If the history of fundamentalism could benefit from going local, it could also benefit from going transatlantic. Some of the British connection of fundamentalism are well known, such as the tours in Britain by evangelists from D. L. Moody to Billy Graham. Other known connections include how American fundamentalism imported dispensationalism and the literal interpretation of biblical prophecy from John Nelson Darby and the Plymouth Brethren, and later imported apologetics and fiction from C. S. Lewis. Some pastors, such as A. C. Dixon, held pulpits in both Britain and United States. Less well known, though, is how British and American Christians interacted on a regular basis, and how fundamentalism in America and conservative evangelicalism in Britain functioned in their different political and cultural circumstances. Some excellent work has been done in tracing evangelicalism in the Anglophone world, most notably the series A History of Evangelicalism, edited by Mark Noll and David Bebbington. A transatlantic study along those lines could free the study of American fundamentalists from what may be invalid assumptions about its peculiar Americanness. Such a transatlantic history would be a return to Ernest Sandeen’s insight that dispensationalist theology could be understood only by linking British and American history.13
Historians of fundamentalism have made many advances since the 1980s. They have dispelled mistaken interpretations of fundamentalism and contributed a great deal of knowledge about the movement’s culture. These gains might be consolidated in a history told finally without dependence on the Scopes trial. And they might be advanced by pursuing further studies fundamentalism in both its local and its transatlantic contexts.
George M. Marsden, Fundamentalism and American Culture, 2nd ed. (New York: Oxford University Press, 2006).↩
Ernest R. Sandeen, The Roots of Fundamentalism: British and American Millenarianism, 1800-1930 (Chicago: University of Chicago Press, 1970); Marsden, Fundamentalism and American Culture, 16-18, 43-71, 80-100, 102-22. Marsden’s helpful definitions of the terms fundamentalism and evangelicalism and their varying usage over time are on pages 234-35. Fundamentalists themselves have put much effort into defining their movement, for example, David O. Beale, In Pursuit of Purity: American Fundamentalism Since 1850 (Greenville, SC: Unusual Publications, 1986), 3-12. These definitions tend to be normative rather than descriptive.↩
Marsden, Fundamentalism and American Culture, 6-8.↩
Joel A. Carpenter, Revive Us Again: The Reawakening of American Fundamentalism (New York: Oxford University Press, 1997), 13-32, 57-75, 124-40. For a study of fundamentalists’ appropriation of modern mass culture, see Douglas Carl Abrams, Selling the Old-Time Religion: American Fundamentalists and Mass Culture, 1920-1940 (Athens: University of Georgia Press, 2001).↩
Carpenter, Revive Us Again, 32, 54, 110-23, 187-232.↩
Edward J. Larson, Summer for the Gods: The Scopes Trial and America’s Continuing Debate Over Science and Religion (New York: Basic Books, 1997), 92-93, 101-5, 116-21, 198.↩
Larson, Summer for the Gods, 225-66.↩
An example of a work which purports to displace the Scopes trial as “antievolution’s defining moment” is Michael Lienesch, In the Beginning: Fundamentalism, the Scopes Trial, and the Making of the Antievolution Movement (Chapel Hill: University of North Carolina Press, 2007), which nevertheless spends only two chapters tracing the history of anti-evolution movements after Scopes.↩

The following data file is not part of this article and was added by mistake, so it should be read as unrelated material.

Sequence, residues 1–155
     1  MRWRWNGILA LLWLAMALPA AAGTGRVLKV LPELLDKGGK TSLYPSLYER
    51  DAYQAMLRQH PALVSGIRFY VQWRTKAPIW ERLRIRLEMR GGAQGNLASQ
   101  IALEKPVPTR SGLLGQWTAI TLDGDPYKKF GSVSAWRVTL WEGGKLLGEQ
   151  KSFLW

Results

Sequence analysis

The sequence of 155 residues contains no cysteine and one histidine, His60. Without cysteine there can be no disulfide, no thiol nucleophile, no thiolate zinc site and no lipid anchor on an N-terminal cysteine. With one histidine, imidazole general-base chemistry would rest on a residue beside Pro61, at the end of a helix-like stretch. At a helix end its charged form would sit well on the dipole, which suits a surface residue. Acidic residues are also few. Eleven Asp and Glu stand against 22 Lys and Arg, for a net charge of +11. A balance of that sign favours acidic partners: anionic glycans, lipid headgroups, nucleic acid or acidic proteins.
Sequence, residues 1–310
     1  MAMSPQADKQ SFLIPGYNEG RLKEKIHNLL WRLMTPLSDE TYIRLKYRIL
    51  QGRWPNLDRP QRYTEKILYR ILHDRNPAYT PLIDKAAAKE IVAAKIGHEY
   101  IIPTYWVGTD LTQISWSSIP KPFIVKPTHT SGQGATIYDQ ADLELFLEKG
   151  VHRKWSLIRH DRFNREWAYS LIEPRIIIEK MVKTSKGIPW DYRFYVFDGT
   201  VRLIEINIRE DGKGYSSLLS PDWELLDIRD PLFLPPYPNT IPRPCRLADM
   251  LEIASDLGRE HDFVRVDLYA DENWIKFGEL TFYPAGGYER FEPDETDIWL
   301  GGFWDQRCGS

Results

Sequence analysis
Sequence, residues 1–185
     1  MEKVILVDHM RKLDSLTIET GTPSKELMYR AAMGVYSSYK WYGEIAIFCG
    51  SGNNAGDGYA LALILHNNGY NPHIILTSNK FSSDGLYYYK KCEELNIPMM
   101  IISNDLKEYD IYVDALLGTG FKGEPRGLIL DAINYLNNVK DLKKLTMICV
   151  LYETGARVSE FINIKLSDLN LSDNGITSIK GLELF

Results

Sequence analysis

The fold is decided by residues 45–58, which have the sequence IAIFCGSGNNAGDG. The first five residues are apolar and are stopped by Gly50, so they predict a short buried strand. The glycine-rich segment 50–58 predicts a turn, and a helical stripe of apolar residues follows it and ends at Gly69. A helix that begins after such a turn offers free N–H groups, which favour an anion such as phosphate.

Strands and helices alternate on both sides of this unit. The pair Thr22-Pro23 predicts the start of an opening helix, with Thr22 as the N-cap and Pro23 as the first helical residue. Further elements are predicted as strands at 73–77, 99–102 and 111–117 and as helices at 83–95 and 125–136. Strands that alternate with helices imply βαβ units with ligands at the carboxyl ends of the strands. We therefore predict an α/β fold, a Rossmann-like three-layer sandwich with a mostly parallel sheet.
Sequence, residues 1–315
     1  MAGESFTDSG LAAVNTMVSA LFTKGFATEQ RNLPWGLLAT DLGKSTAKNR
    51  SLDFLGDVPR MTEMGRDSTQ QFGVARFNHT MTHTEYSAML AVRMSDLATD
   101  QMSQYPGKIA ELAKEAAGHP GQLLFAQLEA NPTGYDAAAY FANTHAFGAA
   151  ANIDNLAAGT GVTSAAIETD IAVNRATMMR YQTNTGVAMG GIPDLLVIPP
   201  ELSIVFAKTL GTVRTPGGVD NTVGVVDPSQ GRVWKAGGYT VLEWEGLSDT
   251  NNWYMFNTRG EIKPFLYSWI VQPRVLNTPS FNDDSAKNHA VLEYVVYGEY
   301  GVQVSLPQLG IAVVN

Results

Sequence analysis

David Harrington Watt, A Transforming Faith: Explorations of Twentieth-Century American Evangelicalism (New Brunswick, NJ: Rutgers University Press, 1991). Most histories of fundamentalism, like those of Marsden and Carpenter, have tried to explicate fundamentalism’s subculture. Another fine work in this mode is Randall Herbert Balmer, Mine Eyes Have Seen the Glory: A Journey into the Evangelical Subculture in America (New York: Oxford University Press, 1989). A recent book that, like Watt, is more concerned to show how American culture has influenced religious subcultures is Matthew Avery Sutton, Aimee Semple McPherson and the Resurrection of Christian America (Cambridge, Mass: Harvard University Press, 2007).↩
Watt, A Transforming Faith, 4-7, 15-32, 49-154.))↩
Margaret Lamberts Bendroth, Fundamentalists in the City: Conflict and Division in Boston’s Churches, 1885-1950 (New York: Oxford University Press, 2005), 3-9, 99, 101-24, 155-76.↩
For expose as journalism, see Kevin Roose, The Unlikely Disciple: A Sinner’s Semester at America’s Holiest University (New York: Grand Central Publishing, 2009). For expose as memoir, see Frank Schaeffer, Crazy for God: How I Grew up as One of the Elect, Helped Found the Religious Right, and Lived to Take All (or Almost All) of It Back (New York: Carroll & Graf, 2007). Schaeffer’s book is notable only for being the most shameless of the ex-fundamentalist memoirs. For a far more sensitive and sympathetic memoir, used as a means of introduction to the history of fundamentalism, see Brett Grainger, In the World But Not of It: One Family’s Militant Faith and the History of Fundamentalism in America (New York: Walker, 2008). David Harrington Watt, Bible-Carrying Christians: Conservative Protestants and Social Power (New York: Oxford University Press, 2002); James M. Ault, Spirit and Flesh: Life in a Fundamentalist Baptist Church (New York: Alfred A. Knopf, 2004).↩
Three volumes of A History of Evangelicalism, published by Inter-Varsity Press, have appeared. The two projected volumes, The Disruption of Evangelicalism: The Age of John R. Mott, J. Gresham Machen and Aimee Semple McPherson, to be written by Geoff Treloar, and The Gobal Diffusion of Evangelicalism: The Age of Billy Graham and John Stott, to be written by Brian Stanley, will cover the period of American fundamentalism.↩